Columns » Chris Rose

The Old Fart Died

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The Old Fart Died.

  That's all. Nothing more to say about it. The Old Fart Died. End of story. Or, in this case, just the beginning.

  The Old Fart — his words, not mine — was Noel Edd Wilson Sr., born in Little Field, Texas, in November 1934. He became a New Orleanian, raised a family here and died last week in Kenner after a long and grueling battle with laryngeal cancer.

  For much of his life, he was a self-employed subcontractor. He was a veteran, a card-carrying member of the National Rifle Association and an inveterate forwarder of online jokes, screeds and political commentaries.

  He had a voracious appetite for good deeds and charitable works, though he kept quiet about it and preferred that others did, too. He preferred to carve out a reputation as a crank. He lived simply, quietly, at the Westminster Tower retirement home. He used the home's shuttle bus to drive his neighbors to doctors' appointments and church, and paid bills for them if they came up short at the end of the month.

  But he was no softy. His favorite means of communication was a shaken fist. And his business card said: "Grumpy Old Man." That's how he wanted to be remembered. And that's how I came upon his story.

  His daughter, Suzie Wilson, contacted me last week. She was frustrated with my former employer, The Times-Picayune. The reason: The newspaper refused to run her father's death notice exactly the way he had prepared it. What it said was: "The Old Fart Died." Nothing else. No name. No accomplishments, memberships, affiliations. Just: "The Old Fart Died."

  "My father liked what he used to call 'a good humbug,'" Suzie told me. "We think it's hysterical, and I'm confident readers would find the humor in it, but the T-P rejected it, saying it wasn't appropriate for the paper. The paper was polite about it. But firm."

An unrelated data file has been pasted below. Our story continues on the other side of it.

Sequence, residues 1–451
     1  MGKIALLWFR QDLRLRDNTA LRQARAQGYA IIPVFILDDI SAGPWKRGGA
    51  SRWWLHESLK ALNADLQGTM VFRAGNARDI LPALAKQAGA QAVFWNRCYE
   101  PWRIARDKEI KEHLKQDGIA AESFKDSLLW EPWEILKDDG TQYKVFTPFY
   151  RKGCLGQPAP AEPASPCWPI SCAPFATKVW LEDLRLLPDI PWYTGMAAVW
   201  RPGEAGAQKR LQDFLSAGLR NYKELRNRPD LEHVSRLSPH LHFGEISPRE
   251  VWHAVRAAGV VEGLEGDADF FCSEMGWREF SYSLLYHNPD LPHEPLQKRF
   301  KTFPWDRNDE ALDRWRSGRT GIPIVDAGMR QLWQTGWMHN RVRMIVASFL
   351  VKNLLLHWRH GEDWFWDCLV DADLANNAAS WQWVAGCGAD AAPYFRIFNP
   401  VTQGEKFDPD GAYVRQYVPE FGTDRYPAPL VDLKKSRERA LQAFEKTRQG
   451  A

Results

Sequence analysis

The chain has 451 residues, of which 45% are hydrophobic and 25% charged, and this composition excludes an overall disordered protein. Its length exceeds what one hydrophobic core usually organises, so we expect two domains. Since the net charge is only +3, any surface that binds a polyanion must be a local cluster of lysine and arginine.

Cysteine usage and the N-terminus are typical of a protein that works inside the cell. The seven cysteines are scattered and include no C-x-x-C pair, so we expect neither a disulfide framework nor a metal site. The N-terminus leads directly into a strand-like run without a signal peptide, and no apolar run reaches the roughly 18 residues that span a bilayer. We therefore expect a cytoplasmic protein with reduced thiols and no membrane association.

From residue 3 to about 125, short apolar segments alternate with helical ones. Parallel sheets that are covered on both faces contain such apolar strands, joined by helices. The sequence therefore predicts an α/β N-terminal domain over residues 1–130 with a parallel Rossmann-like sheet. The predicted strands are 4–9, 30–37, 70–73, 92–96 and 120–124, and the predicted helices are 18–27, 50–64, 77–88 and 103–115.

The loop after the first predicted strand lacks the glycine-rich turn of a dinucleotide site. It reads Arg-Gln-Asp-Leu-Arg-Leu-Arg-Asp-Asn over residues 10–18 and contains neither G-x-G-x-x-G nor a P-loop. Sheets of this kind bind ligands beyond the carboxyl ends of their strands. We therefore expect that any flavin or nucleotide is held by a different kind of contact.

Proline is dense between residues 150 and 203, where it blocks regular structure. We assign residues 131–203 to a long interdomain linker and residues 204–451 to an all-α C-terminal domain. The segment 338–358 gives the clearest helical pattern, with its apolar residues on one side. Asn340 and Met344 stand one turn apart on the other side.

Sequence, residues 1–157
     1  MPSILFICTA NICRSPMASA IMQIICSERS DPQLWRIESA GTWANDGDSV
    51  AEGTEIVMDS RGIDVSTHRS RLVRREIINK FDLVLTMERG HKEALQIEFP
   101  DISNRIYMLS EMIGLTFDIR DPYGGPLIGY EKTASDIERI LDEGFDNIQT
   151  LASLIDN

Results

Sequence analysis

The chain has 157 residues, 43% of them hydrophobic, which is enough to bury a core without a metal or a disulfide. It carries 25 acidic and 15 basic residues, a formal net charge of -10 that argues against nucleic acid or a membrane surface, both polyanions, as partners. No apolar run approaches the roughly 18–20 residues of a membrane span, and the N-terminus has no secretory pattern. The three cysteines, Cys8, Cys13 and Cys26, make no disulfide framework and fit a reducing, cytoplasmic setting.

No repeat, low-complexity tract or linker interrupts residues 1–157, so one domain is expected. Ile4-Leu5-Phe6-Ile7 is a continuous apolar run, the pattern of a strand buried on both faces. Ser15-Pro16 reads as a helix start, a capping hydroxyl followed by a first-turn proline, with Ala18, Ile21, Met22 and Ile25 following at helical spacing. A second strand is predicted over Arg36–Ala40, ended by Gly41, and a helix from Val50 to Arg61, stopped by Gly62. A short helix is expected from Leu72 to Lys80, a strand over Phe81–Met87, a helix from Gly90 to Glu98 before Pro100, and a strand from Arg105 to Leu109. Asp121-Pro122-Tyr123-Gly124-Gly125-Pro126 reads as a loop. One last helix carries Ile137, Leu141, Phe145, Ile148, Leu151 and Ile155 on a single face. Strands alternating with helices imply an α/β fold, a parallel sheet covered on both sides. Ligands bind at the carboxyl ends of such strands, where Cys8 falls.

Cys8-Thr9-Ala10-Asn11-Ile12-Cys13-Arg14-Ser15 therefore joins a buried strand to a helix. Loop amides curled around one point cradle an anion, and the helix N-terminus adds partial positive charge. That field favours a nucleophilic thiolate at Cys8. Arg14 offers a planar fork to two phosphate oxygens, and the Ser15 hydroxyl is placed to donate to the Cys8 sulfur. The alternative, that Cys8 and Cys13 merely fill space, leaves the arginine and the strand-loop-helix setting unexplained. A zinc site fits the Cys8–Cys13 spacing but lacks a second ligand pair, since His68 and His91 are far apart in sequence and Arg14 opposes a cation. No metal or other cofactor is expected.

I happen to know the woman who handled Wilson's request at the paper, so – at Suzie's request — I called to inquire about the situation.

  Needless to say, The Times-Picayune employee who handled the matter needed little prodding to remember the customer who wanted "The Old Fart Died" and nothing else. In fact, she was genuinely moved by the whole episode. "I think the guy had a wonderful outlook on life and death," she told me. (Her supervisor declined to let her be quoted by name.) "Death can be so sad, but here was some light, in that moment. I found it all quite inspirational; I really did."

  She paused and added: "But, still, I can't publish 'The Old Fart Died.'"

  It doesn't really seem unreasonable when you think about it.

  "On one hand, I understand that those who read the obits may wonder if it is their loved one," Suzie reasoned. "On the other hand, if it is a loved one, one would know it is theirs — wouldn't they?"

  One would hope. And since my recent columns here at Gambit have displayed a seeming preoccupation with death and dying, I took it upon myself to present Noel Edd Wilson's obituary as he wished it to be: The Old Fart Died. Seems a small gesture of appreciation for a guy who, it turns out — despite his carefully constructed ornery exterior — was the delight of his community at Westminster Tower.

  A small memorial service was held for him last week at Lafreniere Park. Lots of people told the kinds of stories he couldn't stand, the ones that talk about what a great guy he was, all the errands and favors he accommodated at the Tower, all the Thanksgiving turkeys he bought anonymously for the needy every year, all that mushy talk he could not — and would not — brook.

  And then the assembled folks set aloft 75 balloons in his honor. This was another of his last wishes. Printed on the balloons was the epitaph he wanted: The Old Fart Died.

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